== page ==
The Hunger Games, by Suzanne Collins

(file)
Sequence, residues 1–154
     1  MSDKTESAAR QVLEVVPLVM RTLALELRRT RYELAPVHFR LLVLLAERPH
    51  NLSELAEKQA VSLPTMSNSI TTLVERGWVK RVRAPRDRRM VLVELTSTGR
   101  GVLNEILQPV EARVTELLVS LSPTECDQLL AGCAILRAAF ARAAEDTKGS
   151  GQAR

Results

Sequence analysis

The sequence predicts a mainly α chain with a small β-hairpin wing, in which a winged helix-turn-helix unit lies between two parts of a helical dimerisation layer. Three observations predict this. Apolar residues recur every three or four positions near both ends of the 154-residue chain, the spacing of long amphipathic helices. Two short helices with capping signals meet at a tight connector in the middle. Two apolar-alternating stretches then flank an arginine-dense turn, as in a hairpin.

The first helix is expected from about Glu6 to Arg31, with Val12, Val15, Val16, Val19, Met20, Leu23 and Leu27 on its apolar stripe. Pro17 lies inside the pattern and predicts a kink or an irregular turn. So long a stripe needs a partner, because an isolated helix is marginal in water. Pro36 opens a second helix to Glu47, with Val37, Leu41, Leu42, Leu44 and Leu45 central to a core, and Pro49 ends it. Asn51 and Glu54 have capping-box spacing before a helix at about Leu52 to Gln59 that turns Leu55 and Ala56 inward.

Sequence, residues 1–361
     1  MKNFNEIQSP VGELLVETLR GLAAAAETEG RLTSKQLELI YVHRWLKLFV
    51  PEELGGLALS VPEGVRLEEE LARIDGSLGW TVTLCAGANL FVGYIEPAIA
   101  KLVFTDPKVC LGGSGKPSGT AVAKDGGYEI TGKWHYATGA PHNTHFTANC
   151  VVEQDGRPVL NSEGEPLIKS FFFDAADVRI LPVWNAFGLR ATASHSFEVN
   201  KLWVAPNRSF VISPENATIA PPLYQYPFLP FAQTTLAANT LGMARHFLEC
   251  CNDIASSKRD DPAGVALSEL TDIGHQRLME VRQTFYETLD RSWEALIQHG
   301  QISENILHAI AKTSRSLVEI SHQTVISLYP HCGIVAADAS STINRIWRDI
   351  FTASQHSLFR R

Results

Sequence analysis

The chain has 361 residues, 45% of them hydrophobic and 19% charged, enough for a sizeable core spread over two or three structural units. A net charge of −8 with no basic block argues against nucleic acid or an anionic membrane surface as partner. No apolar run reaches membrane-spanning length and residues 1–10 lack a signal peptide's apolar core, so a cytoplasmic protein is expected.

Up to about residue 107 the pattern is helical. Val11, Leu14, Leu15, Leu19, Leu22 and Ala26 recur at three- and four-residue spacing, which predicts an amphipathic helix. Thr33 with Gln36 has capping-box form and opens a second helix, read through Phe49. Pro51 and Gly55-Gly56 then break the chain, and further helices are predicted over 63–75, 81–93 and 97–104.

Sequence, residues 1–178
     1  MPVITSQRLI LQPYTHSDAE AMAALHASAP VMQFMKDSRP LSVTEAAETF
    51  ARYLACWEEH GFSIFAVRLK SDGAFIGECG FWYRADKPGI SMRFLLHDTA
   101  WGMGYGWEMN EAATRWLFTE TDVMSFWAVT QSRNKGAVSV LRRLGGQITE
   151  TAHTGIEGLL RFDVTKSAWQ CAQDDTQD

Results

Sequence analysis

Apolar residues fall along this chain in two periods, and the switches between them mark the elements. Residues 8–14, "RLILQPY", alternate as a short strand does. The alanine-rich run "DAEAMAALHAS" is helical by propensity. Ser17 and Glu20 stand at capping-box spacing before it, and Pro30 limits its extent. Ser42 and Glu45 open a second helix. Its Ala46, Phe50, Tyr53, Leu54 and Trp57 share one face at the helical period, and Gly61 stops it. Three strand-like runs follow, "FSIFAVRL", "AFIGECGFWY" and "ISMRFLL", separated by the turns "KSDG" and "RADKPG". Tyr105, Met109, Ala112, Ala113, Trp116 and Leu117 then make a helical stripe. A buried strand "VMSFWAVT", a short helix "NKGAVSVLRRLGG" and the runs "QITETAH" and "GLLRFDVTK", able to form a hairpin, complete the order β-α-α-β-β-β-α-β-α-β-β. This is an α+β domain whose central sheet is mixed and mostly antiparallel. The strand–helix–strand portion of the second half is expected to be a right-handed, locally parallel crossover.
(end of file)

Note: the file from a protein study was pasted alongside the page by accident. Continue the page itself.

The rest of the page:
I should have read this book about two years ago when my friend Alana told me about it; it would be much less of a cliché had I written this review then, instead of now!  The reason I did not immediately search out a copy of the book as per Alana’s recommendation was that the recommendation came along with a warning. “This book is disturbing,” I believe she said (Alana, correct me if I’m wrong?).  Disturbing or not, she loved it.  But I am a chicken.  Disturbing things give me nightmares.  I can barely bring myself to talk about The Road (which I only managed to read half of).  So it was with great apprehension that I ordered myself a copy of The Hunger Games about a month ago, as hype for the movie was just building.  I love Harry Potter and that kind of pop culture and I like to be at least somewhat current on the trends.  After about 20 pages of The Hunger Games, I honestly wasn’t sure I’d be able to finish it.  Who wouldn’t find the premise disturbing? A futuristic world where a yearly ‘reaping’ results in 24 teenagers chosen to fight each other to the death, for the (mandatory) viewing pleasure of the rest of the population? Very grim indeed.  If the Hunger Games had been written by Stephen King I would not have read past page 20.  However the knowledge that this is a kids’ book, after all, led me to suspect that it likely would not be too gory, or too disturbing, and that the main character(s?) probably wouldn’t die.  Two other hooks kept me reading: I genuinely liked the main character, Katniss, whose first-person voice narrates the story.  The other hook was that I desperately wanted to know what point the author was trying to make.  I was certain that there was some powerful allegory underlying the disturbing premise.  However in losing myself completely in The Hunger Games (it took me 3 days to read it; probably a total of 5 hours) I totally forgot to ponder the possible allegorical dimension.  I just had to know what happened.  Immediately.  It was a Globe and Mail article published the day after I finished the book that revealed the cleverness of The Hunger Games and I felt like an idiot for not having seen it sooner.  It is obvious if you take the time to think about it as you read.  But good luck: this is a gripping read and I suspect that like me, you will turn the pages as quickly as possible, giving yourself little time for reflection.


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